HSJ gathered some of the biggest names in primary care to discuss the Department of Health’s ambitious world class commissioning programme as part of a live, online debate. Andy Cowper listened in
Gary Belfield opened HSJ’s online debate on world class commissioning by explaining just what the programme means to normal people. The Department of Health’s director of commissioning used some mind-boggling numbers to illustrate the scale of health inequalities in England.
“Primary care trusts spend £70bn of taxpayers’ money a year - £200m a day - to prioritise long term health gain,” he told the online debate. So world class commissioning is the NHS’s chance to address the country’s huge health inequalities through the NHS budget, itself “bigger than the economy of Egypt”. Choosing the issue of infant mortality to indicate inequalities, he noted that while nationally five babies per thousand born die in their first year, this figure rises to 16 babies per thousand in a deprived area such as Pendle. The focus, Mr Belfield suggested, must be on health outcomes and long term health gain.
Transformation was the outstanding concept of the programme for Birmingham East and North primary care trust chief operating officer Andrew Donald - “working through what commissioning is and how we do it”. He insisted primary care trusts should be moving beyond their focus on the acute sector to take on “preventive healthcare and social responsibility”. This would mean working with other agencies to deliver preventive services more systematically.
World class commissioning, he said, will mean “doing the ordinary extraordinarily well”.
UnitedHealth chief executive officer and HSJ columnist Simon Stevens found nothing to argue with there. But world class commissioning has a long way to go before it spans the whole NHS, he said. And he warned against the risk of too much focus on “the flows of healthcare transactions and not enough focus on the stock of population health risk. We need patient and population perspectives as well as transactional ones: world class commissioning is about both.”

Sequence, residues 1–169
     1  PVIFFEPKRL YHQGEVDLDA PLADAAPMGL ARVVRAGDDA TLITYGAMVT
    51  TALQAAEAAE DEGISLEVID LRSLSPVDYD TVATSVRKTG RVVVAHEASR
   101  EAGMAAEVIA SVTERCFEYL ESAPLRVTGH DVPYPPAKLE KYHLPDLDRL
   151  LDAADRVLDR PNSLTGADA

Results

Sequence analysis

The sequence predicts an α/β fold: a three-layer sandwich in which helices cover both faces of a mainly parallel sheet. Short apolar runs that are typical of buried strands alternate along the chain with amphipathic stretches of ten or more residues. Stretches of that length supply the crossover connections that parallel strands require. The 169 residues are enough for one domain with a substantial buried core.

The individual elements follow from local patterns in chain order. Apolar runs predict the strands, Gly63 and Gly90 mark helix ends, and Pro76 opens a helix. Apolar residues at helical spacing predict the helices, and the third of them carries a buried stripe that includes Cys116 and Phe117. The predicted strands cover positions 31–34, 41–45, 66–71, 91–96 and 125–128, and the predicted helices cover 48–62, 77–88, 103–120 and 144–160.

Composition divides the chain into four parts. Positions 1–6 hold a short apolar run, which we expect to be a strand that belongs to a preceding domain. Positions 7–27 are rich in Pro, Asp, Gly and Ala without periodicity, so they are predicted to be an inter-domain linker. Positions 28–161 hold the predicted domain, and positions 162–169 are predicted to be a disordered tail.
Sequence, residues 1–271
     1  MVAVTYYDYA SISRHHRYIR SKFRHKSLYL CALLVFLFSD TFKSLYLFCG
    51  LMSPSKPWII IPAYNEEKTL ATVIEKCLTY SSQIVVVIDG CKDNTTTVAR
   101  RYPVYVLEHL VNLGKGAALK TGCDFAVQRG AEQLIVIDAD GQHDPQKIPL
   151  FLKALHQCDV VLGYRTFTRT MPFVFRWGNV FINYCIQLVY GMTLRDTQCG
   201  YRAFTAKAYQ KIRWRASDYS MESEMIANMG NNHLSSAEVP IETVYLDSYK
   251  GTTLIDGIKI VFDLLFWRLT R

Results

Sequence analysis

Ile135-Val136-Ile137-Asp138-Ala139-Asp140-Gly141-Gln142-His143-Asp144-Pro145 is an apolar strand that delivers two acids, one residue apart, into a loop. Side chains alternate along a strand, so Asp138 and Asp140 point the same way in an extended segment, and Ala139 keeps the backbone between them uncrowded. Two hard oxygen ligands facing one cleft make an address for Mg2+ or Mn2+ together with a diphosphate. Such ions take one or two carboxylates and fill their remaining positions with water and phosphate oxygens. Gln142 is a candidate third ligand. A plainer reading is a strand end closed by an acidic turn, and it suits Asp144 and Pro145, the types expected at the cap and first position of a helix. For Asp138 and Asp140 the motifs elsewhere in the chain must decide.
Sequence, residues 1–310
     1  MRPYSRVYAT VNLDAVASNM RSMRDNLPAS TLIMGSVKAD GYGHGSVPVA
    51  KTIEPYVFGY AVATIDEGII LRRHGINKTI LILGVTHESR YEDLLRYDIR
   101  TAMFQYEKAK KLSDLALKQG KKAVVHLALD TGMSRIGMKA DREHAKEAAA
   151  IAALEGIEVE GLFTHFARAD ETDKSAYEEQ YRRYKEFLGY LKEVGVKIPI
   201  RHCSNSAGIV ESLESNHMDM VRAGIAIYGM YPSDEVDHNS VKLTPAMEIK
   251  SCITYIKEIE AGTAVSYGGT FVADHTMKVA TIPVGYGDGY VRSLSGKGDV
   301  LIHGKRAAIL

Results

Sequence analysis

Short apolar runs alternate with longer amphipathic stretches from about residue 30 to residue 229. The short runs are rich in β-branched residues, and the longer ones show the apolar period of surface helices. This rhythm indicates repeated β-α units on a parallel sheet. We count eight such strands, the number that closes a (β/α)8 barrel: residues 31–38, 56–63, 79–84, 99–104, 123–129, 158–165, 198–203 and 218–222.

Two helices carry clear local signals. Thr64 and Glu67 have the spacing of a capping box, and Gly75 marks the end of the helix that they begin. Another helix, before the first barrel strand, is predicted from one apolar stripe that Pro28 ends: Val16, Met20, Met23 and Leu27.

Mr Stevens suggested the big work will be putting the 11 national world class commissioning competencies into three main areas: planning (health needs, matching resources and transformation); market making and procurement to drive change; and relationship equity and mobilising consent for service changes.
With clinical engagement a central feature of Lord Darzi’s next stage review, the group - chaired by Jeremy Nettle, healthcare director of the webinar’s sponsor, Oracle - spotlighted leadership issues and secondary care clinicians’ roles in commissioning.
Mr Donald saw clinicians’ involvement as fundamental: “We have to work with providers to develop model services.”
Mr Belfield reiterated the policy statement that “great clinical leadership is at the heart of world class commissioning”. The DH has launched a PCT clinical leadership group and pilots for integrated care systems are under way. Mr Stevens asserted that this must mean services, not organisations, being integrated.
Those watching the discussion online fed it with a steady flow of questions. The first asked whether single unitary councils would impact on the NHS’s ability to implement world class commissioning effectively. All participants agreed the overlap between health and local government in commissioning would be important.